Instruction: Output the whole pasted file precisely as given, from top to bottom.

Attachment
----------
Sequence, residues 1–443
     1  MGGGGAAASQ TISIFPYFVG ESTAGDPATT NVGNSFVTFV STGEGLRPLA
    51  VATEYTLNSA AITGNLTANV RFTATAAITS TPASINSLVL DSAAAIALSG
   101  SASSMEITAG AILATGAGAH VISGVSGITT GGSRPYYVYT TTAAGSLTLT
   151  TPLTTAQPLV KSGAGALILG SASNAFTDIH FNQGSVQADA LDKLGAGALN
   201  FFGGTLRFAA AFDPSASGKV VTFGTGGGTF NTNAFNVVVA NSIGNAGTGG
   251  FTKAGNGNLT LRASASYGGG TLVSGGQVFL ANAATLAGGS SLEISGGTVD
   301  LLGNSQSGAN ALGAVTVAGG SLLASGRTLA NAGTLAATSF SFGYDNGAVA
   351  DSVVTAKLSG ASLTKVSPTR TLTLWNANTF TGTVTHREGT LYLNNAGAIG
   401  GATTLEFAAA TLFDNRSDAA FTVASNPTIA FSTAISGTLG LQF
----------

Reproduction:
Sequence, residues 1–443
     1  MGGGGAAASQ TISIFPYFVG ESTAGDPATT NVGNSFVTFV STGEGLRPLA
    51  VATEYTLNSA AITGNLTANV RFTATAAITS TPASINSLVL DSAAAIALSG
   101  SASSMEITAG AILATGAGAH VISGVSGITT GGSRPYYVYT TTAAGSLTLT
   151  TPLTTAQPLV KSGAGALILG SASNAFTDIH FNQGSVQADA LDKLGAGALN
   201  FFGGTLRFAA AFDPSASGKV VTFGTGGGTF NTNAFNVVVA NSIGNAGTGG
   251  FTKAGNGNLT LRASASYGGG TLVSGGQVFL ANAATLAGGS SLEISGGTVD
   301  LLGNSQSGAN ALGAVTVAGG SLLASGRTLA NAGTLAATSF SFGYDNGAVA
   351  DSVVTAKLSG ASLTKVSPTR TLTLWNANTF TGTVTHREGT LYLNNAGAIG
   401  GATTLEFAAA TLFDNRSDAA FTVASNPTIA FSTAISGTLG LQF